So when you then as a society go through a revolution and establish a democratic worker’s state, in which each citizen has direct power to influence the way society is run, I believe that slowly, as it progresses, violence will be taken out of the equation purely because people will have real power to live their lives exactly the way they want to. Equality is the bedrock of socialism and as the drive to profit through exploitation is taken away, the way capitalism pitches people against each other, creating competition and individualism and uses division to maintain control, for a socialist society this would not exist. Inclusion, collectivism, equality and diversity are the key words on which society would be run. But to get there, we need a collective discussion on all the problems that exist today, and how we should best deal and recover from them, and most of all we need to work towards a socialist world.

References

Downes, J. (2019) ‘Contesting responses to gendered violence’, in Downes, J., Kent, G., Mooney, G., Nightingale, A. and Scott, D. (eds) Introduction to Criminology 2, Milton Keynes, The Open University, pp. 101–27.

Hanmer, J. and Saunders, S. (1984) Well-founded Fear: A Community Study of Violence to Women, London, Hutchinson.

Kelly, L. (1988) Surviving Sexual Violence, Cambridge, Policy Press.

Romito, P. (2008) A Deafening Silence: Hidden Violence Against Women and Children, Bristol, Policy Press.

Stark, E. (2007) Coercive Control: How Men Entrap Women in Personal Life, New York, Oxford University Press.

United Nations (1993) Declaration on the Elimination of Violence Against Women, General Assembly, 20 December, A/RES/48/104.

West, C. and Zimmerman, D. H. (1987) ‘Doing gender’, Gender and Society, vol. 1, no. 2, pp. 125-51.

Westmarland, N. (2015) Violence Against Women: Criminological Perspectives on Men’s Violences, Abingdon, Routledge.

Victims and perpetrators

In order to escape accountability for his crimes, the perpetrator does everything in his power to promote forgetting. Secrecy and silence are the perpetrator’s first line of defence. If secrecy fails, the perpetrator attacks the credibility of his victim“.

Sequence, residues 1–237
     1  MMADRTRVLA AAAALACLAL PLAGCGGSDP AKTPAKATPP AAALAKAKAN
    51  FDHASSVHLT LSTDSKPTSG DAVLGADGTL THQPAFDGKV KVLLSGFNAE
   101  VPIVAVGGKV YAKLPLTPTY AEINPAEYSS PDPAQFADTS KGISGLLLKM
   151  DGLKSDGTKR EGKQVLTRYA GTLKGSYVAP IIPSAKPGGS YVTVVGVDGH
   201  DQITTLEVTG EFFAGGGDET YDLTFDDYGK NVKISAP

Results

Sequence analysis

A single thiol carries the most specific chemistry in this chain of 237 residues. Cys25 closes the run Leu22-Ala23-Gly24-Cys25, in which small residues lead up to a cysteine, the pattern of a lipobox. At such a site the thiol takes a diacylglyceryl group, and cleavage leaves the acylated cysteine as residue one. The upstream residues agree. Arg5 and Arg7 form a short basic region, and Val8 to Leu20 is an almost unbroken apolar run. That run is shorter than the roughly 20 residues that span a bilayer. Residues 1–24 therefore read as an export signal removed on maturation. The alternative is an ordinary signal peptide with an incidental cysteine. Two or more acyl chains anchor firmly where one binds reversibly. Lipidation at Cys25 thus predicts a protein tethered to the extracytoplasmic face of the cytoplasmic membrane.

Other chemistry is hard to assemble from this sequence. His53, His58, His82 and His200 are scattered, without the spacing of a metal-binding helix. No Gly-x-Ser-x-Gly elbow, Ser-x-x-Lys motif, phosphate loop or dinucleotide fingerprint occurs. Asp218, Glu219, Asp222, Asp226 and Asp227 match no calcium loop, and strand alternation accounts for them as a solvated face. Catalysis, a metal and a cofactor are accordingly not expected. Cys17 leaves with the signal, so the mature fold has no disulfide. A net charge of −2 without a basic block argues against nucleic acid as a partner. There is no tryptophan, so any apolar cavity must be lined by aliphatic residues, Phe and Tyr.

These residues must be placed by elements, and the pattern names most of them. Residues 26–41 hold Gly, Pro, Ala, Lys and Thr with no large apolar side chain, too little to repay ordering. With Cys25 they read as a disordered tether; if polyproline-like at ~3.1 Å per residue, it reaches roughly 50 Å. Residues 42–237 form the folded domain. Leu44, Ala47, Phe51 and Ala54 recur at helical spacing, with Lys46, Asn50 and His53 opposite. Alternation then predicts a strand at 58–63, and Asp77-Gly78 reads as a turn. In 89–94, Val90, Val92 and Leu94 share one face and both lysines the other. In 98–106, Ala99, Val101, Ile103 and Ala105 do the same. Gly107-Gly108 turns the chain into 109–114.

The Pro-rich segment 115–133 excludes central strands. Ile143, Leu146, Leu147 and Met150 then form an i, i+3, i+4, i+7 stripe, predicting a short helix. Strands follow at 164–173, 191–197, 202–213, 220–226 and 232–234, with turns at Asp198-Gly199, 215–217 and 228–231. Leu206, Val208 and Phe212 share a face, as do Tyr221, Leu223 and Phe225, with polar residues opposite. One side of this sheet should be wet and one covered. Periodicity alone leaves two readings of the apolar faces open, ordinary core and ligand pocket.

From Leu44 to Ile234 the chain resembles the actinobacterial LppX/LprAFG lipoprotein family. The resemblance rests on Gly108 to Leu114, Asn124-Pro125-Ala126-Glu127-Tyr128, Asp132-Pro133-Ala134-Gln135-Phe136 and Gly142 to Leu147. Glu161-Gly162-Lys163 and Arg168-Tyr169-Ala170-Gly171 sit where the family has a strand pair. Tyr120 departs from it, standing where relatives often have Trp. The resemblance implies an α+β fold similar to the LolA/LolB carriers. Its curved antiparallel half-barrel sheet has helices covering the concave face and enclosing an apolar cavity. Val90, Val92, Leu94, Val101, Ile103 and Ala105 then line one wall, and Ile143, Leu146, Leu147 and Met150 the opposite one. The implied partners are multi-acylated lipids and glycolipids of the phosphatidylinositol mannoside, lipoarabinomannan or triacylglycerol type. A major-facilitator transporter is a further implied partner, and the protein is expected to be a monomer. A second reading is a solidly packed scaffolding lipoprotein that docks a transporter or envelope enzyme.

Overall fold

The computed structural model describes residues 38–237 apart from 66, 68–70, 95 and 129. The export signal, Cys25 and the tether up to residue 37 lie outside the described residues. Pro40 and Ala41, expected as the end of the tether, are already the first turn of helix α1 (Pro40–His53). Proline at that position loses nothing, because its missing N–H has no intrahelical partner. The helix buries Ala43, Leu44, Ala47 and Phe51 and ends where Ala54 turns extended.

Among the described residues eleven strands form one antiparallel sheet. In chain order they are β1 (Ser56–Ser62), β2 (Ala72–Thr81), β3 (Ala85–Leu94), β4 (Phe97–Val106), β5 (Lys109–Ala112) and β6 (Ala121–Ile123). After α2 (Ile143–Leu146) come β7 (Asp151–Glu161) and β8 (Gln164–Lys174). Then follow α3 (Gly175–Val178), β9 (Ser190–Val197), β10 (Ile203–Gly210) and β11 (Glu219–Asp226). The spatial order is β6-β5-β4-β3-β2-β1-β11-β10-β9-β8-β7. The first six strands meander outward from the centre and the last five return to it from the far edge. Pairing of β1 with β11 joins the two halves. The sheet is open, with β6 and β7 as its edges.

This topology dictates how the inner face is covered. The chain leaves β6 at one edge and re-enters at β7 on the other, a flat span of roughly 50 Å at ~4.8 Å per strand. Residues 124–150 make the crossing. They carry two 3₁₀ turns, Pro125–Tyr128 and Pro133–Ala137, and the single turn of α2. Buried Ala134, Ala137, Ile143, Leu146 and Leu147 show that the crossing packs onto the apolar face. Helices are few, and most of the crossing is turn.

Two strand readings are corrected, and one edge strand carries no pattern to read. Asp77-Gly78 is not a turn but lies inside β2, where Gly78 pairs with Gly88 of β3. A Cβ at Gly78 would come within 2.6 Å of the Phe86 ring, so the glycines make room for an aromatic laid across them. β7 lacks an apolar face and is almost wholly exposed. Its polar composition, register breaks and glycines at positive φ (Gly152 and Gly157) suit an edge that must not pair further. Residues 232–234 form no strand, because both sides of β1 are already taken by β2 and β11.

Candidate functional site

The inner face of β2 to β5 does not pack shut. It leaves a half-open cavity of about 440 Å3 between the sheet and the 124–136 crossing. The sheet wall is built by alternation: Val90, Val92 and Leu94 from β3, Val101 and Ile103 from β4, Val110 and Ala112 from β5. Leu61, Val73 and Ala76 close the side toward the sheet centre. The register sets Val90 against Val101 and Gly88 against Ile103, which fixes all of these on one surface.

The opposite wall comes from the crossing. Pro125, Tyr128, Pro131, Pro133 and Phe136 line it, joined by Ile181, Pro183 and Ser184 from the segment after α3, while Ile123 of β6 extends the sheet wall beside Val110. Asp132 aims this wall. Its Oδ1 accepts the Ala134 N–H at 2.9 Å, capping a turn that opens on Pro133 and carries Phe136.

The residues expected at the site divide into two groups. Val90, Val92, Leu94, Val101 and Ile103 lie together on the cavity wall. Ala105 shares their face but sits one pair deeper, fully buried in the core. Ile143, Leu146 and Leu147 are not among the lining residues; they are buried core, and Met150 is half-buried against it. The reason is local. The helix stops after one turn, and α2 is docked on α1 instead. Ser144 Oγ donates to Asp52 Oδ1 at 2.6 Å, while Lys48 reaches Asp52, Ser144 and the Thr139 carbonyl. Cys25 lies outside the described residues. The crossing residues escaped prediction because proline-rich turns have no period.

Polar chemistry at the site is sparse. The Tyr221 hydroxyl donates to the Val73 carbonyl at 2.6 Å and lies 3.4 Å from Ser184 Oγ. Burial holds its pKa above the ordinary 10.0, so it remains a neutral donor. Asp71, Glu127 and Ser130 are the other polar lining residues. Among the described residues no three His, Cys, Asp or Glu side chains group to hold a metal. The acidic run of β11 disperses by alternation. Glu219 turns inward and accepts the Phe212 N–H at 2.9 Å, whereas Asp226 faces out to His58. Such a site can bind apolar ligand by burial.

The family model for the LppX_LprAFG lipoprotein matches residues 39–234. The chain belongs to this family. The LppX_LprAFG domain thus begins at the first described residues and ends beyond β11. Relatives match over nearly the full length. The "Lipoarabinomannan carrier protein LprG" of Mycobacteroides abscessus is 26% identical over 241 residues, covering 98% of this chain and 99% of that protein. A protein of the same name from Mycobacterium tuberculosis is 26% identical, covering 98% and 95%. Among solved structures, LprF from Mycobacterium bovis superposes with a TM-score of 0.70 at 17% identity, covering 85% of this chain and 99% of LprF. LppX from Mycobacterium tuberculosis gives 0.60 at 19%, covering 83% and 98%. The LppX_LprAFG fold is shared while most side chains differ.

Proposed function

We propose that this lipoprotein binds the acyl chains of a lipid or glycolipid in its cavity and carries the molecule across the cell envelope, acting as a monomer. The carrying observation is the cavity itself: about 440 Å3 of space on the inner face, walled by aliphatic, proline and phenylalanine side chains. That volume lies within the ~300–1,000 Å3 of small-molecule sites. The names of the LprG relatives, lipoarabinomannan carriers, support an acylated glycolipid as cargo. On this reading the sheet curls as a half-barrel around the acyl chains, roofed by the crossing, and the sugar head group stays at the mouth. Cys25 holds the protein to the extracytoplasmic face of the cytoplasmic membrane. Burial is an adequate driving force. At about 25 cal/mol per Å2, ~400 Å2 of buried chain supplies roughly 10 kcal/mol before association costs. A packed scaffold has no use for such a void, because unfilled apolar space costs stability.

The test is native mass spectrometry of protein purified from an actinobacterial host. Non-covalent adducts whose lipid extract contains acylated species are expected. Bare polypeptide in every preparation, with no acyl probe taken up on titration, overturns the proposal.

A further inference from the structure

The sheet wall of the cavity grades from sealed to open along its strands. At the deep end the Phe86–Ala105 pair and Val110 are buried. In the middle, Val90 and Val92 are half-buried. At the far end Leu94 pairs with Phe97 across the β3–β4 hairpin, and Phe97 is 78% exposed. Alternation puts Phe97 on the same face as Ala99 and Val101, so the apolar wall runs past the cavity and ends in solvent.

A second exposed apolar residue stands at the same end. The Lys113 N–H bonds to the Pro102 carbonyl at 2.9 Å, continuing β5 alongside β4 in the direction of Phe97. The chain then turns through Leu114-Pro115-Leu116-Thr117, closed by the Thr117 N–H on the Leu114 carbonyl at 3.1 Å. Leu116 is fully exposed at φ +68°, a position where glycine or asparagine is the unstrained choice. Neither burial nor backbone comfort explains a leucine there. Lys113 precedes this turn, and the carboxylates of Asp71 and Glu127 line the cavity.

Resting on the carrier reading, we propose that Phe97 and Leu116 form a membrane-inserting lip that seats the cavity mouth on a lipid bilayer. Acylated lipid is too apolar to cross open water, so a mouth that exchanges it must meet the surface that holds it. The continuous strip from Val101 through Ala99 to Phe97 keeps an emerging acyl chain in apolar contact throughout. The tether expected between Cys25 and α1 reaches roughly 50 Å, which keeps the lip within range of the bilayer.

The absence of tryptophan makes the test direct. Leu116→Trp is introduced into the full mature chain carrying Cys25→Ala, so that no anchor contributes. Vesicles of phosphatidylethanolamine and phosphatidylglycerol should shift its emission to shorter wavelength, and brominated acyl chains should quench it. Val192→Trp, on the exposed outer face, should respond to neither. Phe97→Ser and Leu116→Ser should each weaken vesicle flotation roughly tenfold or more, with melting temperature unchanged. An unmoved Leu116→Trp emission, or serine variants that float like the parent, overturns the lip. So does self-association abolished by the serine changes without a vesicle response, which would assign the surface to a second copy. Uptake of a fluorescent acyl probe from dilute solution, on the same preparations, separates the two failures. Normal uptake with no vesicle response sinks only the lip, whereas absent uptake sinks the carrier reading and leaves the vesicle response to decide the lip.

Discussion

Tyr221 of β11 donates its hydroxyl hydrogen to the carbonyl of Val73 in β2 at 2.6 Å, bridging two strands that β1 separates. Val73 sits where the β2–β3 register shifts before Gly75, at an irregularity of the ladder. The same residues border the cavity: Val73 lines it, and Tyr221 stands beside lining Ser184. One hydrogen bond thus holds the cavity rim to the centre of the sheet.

Herman (1992*, p. 8)

These are the first lines of a chapter in my learning materials I was studying this morning. And they hit me like a brick. To me, this is so recognisable in my life. Most of my abusers, including my parents, have done exactly that, secrecy and silence and attacking my credibility.

In fact, since starting this blog I have received an angry email from my father blaming my personality disorder and accusing me of publicly slandering his good name and venting lies about them on social media. Then he went on to say I had to delete it and how and what I could say instead.

Since I was a child he has been telling me to shut up, be quiet and let others speak. I had a big mouth and was always exaggerating everything. He was always telling me how things should be done and what was best. And now, nothing has changed, he still thinks he knows best. Well, I am an adult now, and in my experience people learn by example. He might have told me many times over what was best, but he didn’t show me in his actions. His actions are that of a coward, hiding behind his infantile wife who bullies him and her children around. And even now, 40 years on he denies facts and tries to silence me.

I think it is absolutely crucial to let others know about the abuse, to talk about it and bring it out in the open. As long as it’s hidden, and nobody talks about it or knows who commit these crimes it will continue and perpetrators will know they are safe. By saying here, publicly, what happened and who did it I hope somehow I can find a way to stop history repeating itself, and it also is an opportunity to learn. I imply here, that I am not merely a victim, but also a potential perpetrator. Because the sad truth is, because this is my example I find myself in similar situations with my own children. I feel incredibly lucky to have a sense of self reflection, which allows me to change my behaviour. I have to work hard for it, because it doesn’t come natural to me to be a warm, loving mother. I have made mistakes, I have been unable to give my children the emotional safety and care they need many times, but I recognise it now and I can start to change it.

So perpetrators are often themselves victims too. Because of this it is often extra hard to admit, recognise and work on breaking the chain. But there are always opportunities both for the victim and the perpetrator to start recovery. There are lessons for both.

Breaking the chain

At the bottom of all of this is a deep lack of love. There is probably a long line of loveless parents before me, my parents, my grandparents and so on. If you are victim of domestic violence you learn you are not worth love, you are worthless. And because you don’t love yourself, you can’t be around people who show you love, and you can’t show it yourself. You will be on the roundabout of looking for confirmation of that self-loathing. And so the cycle continues into eternity. Except, you can do something to stop it. By owning up to it, to your own faults, by starting to recognise how you can’t be vulnerable to others, even your own children, you can try practise and face that deep fear. Be uncomfortable, feel anxious, be brave.